My digital camera that I used in 2011 was 4000◊3000, and iPhone photos are similar (I believe 4096◊3072). With license plates, there is probably an algorithm to recognize letters and digits at lower resolution than humans can figure out simply because there are limited possibilities for text compared to a full image, but this won't work for things like people's faces.
This past weekend, I noticed that Ontario allows Os and Ds on the same license plate.  Saw one plate that was something like "ODDODO" and wondered it the owner intentionally made it confusing.
Logged
Please note: All comments here represent my own personal opinion and do not reflect the official position(s) of NYSDOT.

cwf1701

  • *
  • Offline Offline

  • Posts: 263
  • Location: michigan
  • Last Login: May 21, 2022, 12:28:35 PM
Re: Things that Hollywood gets wrong (and when they get it right)
« Reply #37 on: February 22, 2022, 12:12:42 PM »

Then, of course, they can ZOOM into a photo, perform some image enhancement, and VOLIA, a blob of ten pixels will provide us with a nice and clear license plate. Unless the picture source is at 8K resolution (yeah, right), this is highly unlikely.

My digital camera that I used in 2011 was 4000◊3000, and iPhone photos are similar (I believe 4096◊3072). With license plates, there is probably an algorithm to recognize letters and digits at lower resolution than humans can figure out simply because there are limited possibilities for text compared to a full image, but this won't work for things like people's faces.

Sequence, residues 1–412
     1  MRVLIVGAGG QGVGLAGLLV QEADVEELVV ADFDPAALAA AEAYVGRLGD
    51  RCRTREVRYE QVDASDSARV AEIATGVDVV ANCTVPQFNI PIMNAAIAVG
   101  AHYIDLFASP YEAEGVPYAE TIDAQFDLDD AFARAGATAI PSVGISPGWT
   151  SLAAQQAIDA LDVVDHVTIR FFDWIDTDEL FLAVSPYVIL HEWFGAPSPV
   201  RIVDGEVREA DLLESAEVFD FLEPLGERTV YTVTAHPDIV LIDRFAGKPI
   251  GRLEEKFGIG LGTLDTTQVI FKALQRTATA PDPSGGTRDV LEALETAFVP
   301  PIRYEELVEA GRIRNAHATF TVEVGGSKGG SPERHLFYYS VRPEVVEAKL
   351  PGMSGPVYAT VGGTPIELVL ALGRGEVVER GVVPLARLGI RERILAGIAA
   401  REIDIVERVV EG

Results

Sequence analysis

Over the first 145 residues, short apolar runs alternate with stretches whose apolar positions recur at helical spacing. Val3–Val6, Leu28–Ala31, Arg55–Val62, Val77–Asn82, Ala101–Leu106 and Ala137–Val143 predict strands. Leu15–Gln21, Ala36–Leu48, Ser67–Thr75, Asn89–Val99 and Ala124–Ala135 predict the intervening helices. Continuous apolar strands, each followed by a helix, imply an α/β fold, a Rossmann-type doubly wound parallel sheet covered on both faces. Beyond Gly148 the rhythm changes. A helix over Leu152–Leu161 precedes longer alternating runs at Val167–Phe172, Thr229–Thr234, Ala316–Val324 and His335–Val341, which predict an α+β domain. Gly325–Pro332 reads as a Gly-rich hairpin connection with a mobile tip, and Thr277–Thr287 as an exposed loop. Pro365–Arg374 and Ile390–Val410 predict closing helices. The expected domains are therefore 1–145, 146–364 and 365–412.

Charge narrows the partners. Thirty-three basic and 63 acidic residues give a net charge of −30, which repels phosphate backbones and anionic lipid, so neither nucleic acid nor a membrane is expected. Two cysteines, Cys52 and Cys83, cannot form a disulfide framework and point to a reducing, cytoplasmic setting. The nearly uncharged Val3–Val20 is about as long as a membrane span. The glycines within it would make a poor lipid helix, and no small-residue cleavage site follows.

This past weekend, I noticed that Ontario allows Os and Ds on the same license plate.  Saw one plate that was something like "ODDODO" and wondered it the owner intentionally made it confusing.

I know many states do not allow for I or O (or D) on the plates. Shows and movies like Adam-12 often will use something like KAO-535 or 345-ILC when they call for info on a plate. Even today, states like CA do not assign plates with letter with I or O because those letters might get mistaken for 1 or 0.
Logged

formulanone

  • *
  • Offline Offline

  • Posts: 10898
  • Age: 48
  • Location: HSV
  • Last Login: Today at 07:45:14 AM
Re: Things that Hollywood gets wrong (and when they get it right)
« Reply #38 on: February 22, 2022, 12:37:40 PM »

Then, of course, they can ZOOM into a photo, perform some image enhancement, and VOLIA, a blob of ten pixels will provide us with a nice and clear license plate. Unless the picture source is at 8K resolution (yeah, right), this is highly unlikely.